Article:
4. Christian Dior Museum and Garden in Granville, France

Located in Christian Dior’s beautiful childhood home – a cliff-top villa – this museum is as interesting as it is aesthetically stunning.The museum opened in 1988, and houses collections of the designer’s finest creations, as well as pieces from other big designers like Yves Saint Laurent and Raf Simons. The current exhibition, running until January 2018, is called “Treasures of the Collection” and takes you on a journey through each collection since it’s opening year until now. It’s fascinating to learn how each collection is put together and how they continue to grow, live, and honour Christian Dior. Don’t miss the gardens – they’re enchanting and offer superb views of the hills below.

5. Museo Salvatore Ferragamo in Florence, Italy

Dedicated to Salvatore Ferragamo, a favourite of Hollywood stars, this museum is heaven for shoe-lovers. On display are heels designed for stars like Marilyn Monroe, Audrey Hepburn and Greta Garbo. This museum is also housed in a striking building – the 13th-century Palazzo Spini Feroni which has been a Ferragamo workshop since 1938. Until March 2019, the primary exhibition is “Italy in Hollywood”; an exploration of Italian immigrants in Hollywood and their crafts. Inspired by Ferragamo’s time in Hollywood in 1915-1927, the exhibit explores music, film, art, fashion, and the influence of the Italian’s who helped to create Hollywood.

6. Tassenmuseum (Museum of Bags and Purses) in Amsterdam, The Netherlands

Starting as a collection of one womean, Hendrikje Ivo, and growing and growing each year, this museum is now the world’s foremost bag collection. Housed in a 17th-century canal house, the exhibitions cover centuries and centuries of pieces. Highlights include the 16-th century man purse with 18 secret compartments, as well as bags worn by famous figures like Madonna and Margaret Thatcher. The permanent collections are fascinating on their own, but Tassenmuseum also puts on a number of diverse exhibitions every year. The current exhibitions couldn’t be more different – besides the theme of bags of course – but they’re both provide insight into current society. “Made in Italy,” running until February 2019, explores what makes Italian style so distinctive, and why Italian designers rule the fashion industry each year. The other exhibition, on until the start of November, is called “The Stories We Carry.” This enthralling collection unravels the stories of refuges and their journey away from home. What do you take with you when you have to flee? By looking at the bags and belongings of refugees, this exhibition answers many questions about this current world crisis and its tragedies. The museum also offers High Tea in one of their magnificent 18th-century period rooms.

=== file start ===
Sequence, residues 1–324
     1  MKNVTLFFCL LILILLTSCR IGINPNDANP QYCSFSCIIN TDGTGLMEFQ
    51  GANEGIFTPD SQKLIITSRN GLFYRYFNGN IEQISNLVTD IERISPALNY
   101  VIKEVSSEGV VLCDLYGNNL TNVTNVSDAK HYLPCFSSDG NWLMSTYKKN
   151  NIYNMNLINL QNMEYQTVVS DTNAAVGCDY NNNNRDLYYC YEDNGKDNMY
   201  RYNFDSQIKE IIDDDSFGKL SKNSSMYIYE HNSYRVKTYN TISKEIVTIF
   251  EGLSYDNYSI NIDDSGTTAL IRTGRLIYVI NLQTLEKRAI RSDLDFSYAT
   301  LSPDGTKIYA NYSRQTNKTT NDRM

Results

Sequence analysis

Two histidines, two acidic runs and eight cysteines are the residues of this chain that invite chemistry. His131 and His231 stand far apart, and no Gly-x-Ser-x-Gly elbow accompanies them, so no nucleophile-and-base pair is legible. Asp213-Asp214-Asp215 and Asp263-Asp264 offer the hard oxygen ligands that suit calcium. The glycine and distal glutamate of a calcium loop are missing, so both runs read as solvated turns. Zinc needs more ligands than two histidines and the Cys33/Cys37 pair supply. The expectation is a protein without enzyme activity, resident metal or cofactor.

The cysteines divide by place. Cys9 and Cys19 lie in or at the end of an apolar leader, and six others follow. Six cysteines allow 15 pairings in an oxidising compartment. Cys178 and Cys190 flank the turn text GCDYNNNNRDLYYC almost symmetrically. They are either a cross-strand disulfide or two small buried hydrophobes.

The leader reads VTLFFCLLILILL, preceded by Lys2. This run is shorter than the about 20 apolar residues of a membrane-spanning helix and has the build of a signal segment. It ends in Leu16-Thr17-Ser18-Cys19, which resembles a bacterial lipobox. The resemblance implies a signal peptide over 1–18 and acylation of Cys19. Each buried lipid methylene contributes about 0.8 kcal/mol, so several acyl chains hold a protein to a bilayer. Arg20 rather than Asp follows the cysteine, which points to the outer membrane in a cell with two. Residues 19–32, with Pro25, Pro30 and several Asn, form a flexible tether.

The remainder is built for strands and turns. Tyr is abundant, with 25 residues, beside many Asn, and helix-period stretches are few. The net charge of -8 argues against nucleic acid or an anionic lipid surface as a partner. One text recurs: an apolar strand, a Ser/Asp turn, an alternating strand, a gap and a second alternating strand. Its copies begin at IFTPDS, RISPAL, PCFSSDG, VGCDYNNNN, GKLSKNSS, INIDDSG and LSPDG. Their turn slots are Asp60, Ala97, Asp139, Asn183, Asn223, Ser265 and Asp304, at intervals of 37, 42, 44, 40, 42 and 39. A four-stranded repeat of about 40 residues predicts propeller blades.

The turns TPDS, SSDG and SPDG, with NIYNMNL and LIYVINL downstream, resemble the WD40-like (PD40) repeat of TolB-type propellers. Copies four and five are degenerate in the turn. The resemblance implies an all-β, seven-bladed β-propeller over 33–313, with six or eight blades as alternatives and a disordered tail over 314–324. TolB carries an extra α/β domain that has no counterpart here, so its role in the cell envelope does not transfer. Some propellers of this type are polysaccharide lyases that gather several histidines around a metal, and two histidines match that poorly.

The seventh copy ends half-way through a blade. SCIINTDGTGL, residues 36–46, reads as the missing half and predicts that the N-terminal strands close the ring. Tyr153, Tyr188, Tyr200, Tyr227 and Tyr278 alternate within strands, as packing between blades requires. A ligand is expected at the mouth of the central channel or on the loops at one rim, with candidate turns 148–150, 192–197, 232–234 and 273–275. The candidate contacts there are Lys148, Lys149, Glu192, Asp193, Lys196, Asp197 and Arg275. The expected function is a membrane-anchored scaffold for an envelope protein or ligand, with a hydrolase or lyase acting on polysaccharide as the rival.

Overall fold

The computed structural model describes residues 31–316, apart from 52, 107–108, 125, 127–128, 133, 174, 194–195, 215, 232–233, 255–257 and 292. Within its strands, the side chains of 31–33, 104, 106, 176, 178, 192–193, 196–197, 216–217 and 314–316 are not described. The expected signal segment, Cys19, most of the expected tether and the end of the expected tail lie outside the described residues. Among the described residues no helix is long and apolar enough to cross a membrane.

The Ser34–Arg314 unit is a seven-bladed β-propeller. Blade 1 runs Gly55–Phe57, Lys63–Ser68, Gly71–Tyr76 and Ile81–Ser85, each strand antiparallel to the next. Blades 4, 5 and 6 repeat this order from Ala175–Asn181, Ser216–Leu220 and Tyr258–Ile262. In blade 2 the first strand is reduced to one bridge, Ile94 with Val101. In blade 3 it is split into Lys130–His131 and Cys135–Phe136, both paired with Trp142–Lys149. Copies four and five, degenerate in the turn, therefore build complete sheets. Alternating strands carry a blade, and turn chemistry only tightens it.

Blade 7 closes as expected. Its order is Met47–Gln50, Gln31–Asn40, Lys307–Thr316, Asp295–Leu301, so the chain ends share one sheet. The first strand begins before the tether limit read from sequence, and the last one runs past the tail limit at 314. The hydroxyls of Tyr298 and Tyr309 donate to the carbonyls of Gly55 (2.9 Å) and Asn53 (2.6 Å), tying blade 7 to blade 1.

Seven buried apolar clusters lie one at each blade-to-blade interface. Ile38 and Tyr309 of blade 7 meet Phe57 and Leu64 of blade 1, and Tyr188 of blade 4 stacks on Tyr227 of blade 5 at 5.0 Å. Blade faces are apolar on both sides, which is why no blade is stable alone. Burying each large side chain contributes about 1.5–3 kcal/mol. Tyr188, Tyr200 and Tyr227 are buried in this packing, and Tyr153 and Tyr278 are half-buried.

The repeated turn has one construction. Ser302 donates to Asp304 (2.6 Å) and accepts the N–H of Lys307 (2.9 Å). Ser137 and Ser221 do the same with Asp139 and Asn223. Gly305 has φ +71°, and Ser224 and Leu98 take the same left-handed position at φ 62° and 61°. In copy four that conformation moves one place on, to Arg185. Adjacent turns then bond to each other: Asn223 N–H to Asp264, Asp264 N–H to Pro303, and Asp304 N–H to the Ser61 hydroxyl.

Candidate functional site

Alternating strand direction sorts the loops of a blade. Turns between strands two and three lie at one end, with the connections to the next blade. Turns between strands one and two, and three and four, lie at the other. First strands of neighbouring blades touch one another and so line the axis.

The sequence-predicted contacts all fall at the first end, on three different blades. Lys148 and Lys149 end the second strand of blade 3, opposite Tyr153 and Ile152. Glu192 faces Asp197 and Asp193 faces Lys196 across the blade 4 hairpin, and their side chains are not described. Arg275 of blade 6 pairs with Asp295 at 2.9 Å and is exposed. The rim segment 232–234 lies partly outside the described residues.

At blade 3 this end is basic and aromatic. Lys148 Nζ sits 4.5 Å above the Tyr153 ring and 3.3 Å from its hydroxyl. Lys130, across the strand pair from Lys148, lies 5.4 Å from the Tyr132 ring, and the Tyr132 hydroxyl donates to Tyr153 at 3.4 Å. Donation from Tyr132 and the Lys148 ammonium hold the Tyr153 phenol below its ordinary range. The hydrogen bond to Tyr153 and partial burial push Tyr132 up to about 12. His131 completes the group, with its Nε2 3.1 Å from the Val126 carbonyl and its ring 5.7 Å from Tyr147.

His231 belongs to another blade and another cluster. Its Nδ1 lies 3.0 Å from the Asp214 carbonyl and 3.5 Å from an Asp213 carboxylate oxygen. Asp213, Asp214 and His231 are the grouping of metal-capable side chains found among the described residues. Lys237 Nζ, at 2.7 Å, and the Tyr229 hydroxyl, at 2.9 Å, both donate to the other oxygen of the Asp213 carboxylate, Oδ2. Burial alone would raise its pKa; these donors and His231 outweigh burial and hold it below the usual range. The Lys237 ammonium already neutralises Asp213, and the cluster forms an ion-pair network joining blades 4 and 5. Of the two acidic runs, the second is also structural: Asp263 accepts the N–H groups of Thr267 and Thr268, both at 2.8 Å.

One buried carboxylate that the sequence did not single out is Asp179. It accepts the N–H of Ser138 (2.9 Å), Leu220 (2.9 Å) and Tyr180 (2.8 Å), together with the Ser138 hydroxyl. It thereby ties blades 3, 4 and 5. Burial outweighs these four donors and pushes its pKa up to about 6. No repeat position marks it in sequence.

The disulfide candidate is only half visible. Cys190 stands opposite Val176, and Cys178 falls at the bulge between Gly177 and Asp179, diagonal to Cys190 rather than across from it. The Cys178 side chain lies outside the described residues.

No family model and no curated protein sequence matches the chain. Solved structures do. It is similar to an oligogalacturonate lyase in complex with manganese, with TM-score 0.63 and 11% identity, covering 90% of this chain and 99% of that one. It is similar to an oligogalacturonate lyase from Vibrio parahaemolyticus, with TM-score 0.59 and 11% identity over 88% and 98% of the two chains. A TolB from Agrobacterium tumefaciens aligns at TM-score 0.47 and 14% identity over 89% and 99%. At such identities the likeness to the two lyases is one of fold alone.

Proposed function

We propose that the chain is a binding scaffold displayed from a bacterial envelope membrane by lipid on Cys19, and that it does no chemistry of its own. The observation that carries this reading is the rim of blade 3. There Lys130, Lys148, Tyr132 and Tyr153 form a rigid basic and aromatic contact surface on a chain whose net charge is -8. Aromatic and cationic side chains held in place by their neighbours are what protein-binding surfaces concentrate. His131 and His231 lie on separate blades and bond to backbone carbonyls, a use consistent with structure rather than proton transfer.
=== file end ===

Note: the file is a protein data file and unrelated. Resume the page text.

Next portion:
7. Gucci Garden in Florence, Italy

Located in the 14th century palazzo where Guccio Gucci started his label in 1921, this museum is dedicated to his unique designs and the fashion house’s rich history. Along with lots of art, Gucci handbags, couture gowns, iconic handbags, and other interesting items like bikes and cars, are on display. Each rooms is inspired by the codes that marked its history, with clothing designed by Guccio himself and past creative director Tom Ford. The museum hosts many collaborations with artists, puts on film screens, and there’s a Gucci-inspired cafe where you can sip espresso like royalty.